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gnosis · 2012-03-04 · Original thread
Regarding the so-called "parasite lawyer class", you might be interested in reading "Blocking the Courthouse Door: How the Republican Party and Its Corporate Allies Are Taking Away Your Right to Sue"[1]

From a Booklist review of the book:

  By demonizing trial attorneys and exaggerating high-profile litigation
  awards -- the famous McDonald's hot-coffee case -- campaigns for limiting
  damage awards threaten to jeopardize the American right to civil jury
  trials guaranteed by the Bill of Rights. Investigative reporter Mencimer
  examines the Republican campaigns for tort reform that would protect
  large corporations from "frivolous lawsuits." The campaigns carry the
  dual benefit of supporting the interests of corporations that are major
  Republican campaign contributors and hurting trial lawyers, who are part
  of the contribution base of Democrats. Mencimer criticizes the media for
  their lack of understanding about civil litigation, willingness to
  swallow reports of litigation abuses, and failure to understand that
  Republican tort reform will also limit the ability of news organizations
  to sue for information. Drawing on national data and scrutiny of
  individual cases, Mencimer defends the civil justice system and its
  reliance on jurors, average citizens who are the same people who vote.
  This is an eye-opening look at an important issue for readers concerned
  with the civil justice system.
also, "The Lawyer Myth: A Defense of the American Legal Profession"[2]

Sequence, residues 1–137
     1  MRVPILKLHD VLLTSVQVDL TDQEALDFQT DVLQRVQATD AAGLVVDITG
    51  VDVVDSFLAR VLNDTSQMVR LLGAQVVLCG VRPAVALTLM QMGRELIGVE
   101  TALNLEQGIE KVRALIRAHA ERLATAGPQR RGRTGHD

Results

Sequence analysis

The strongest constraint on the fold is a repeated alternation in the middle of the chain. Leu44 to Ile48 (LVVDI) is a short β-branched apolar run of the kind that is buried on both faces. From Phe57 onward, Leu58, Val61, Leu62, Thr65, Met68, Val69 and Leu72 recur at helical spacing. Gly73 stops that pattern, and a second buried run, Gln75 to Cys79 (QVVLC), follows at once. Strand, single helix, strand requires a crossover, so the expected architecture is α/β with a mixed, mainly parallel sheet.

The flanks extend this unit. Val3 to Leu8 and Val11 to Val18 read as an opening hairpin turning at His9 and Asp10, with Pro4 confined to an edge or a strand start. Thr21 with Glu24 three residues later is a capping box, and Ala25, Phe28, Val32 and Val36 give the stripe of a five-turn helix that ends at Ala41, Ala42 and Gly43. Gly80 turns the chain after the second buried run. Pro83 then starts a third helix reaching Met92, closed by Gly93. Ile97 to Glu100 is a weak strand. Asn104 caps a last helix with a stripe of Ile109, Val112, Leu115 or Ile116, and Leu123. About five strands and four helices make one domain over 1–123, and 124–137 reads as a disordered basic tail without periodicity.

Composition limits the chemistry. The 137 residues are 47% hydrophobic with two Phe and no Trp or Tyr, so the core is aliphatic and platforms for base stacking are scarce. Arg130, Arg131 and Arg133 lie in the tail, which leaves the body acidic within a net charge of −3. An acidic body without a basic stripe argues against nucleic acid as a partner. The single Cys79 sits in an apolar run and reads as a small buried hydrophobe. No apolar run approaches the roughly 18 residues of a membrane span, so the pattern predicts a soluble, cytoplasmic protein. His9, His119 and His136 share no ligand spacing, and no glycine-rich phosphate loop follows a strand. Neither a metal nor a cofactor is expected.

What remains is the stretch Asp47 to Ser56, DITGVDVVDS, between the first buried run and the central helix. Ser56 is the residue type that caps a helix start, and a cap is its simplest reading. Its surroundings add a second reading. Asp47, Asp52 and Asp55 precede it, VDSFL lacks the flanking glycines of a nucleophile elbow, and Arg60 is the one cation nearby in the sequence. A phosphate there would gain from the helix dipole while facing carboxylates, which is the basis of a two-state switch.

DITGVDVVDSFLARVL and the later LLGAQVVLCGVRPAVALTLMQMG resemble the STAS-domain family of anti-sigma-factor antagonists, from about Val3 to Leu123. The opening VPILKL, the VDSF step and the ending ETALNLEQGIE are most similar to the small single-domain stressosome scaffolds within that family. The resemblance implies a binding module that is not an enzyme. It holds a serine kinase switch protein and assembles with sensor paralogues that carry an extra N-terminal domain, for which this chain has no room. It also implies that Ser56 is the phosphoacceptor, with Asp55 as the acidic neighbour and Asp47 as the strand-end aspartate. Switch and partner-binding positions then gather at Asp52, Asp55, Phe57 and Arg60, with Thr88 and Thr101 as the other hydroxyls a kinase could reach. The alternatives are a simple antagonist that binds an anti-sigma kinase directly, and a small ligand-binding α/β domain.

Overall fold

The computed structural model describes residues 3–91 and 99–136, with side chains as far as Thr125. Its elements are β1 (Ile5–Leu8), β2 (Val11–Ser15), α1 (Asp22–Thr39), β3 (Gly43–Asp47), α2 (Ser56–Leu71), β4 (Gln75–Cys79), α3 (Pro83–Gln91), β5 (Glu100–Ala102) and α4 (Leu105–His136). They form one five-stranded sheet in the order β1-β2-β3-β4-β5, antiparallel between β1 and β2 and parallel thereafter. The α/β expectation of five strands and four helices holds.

From the Booklist review:

  However disliked lawyers have become, they have played an essential role
  in the development of the American democracy, assert legal scholars
  Strickland and Read. Taking aim at media critics -- left and right -- who
  blame lawyers for a host of social ills, Strickland and Read debunk
  several popular myths about lawyers. They begin with the notion that
  there are too many lawyers and lawsuits, citing statistics to put things
  into perspective, and they point to the benefits that have come from
  lawsuits, including increased consumer protection from faulty products.
  But they concede the need for reform in a chapter that calls for major
  research into alternative legal mechanisms. Finally, Strickland and Read
  look toward the next generation of lawyers and outline the
  characteristics most essential for the practice of law: competency,
  responsiveness, and integrity. They emphasize that it’s not what lawyers
  bring to the law but what they give that makes a difference. This book
  is not likely to stop lawyer jokes, but it is an insightful look at a
  much-maligned profession.

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[2] -

gnosis · 2010-02-27 · Original thread
Also see:

"The Lawyer Myth: A Defense of the American Legal Profession"

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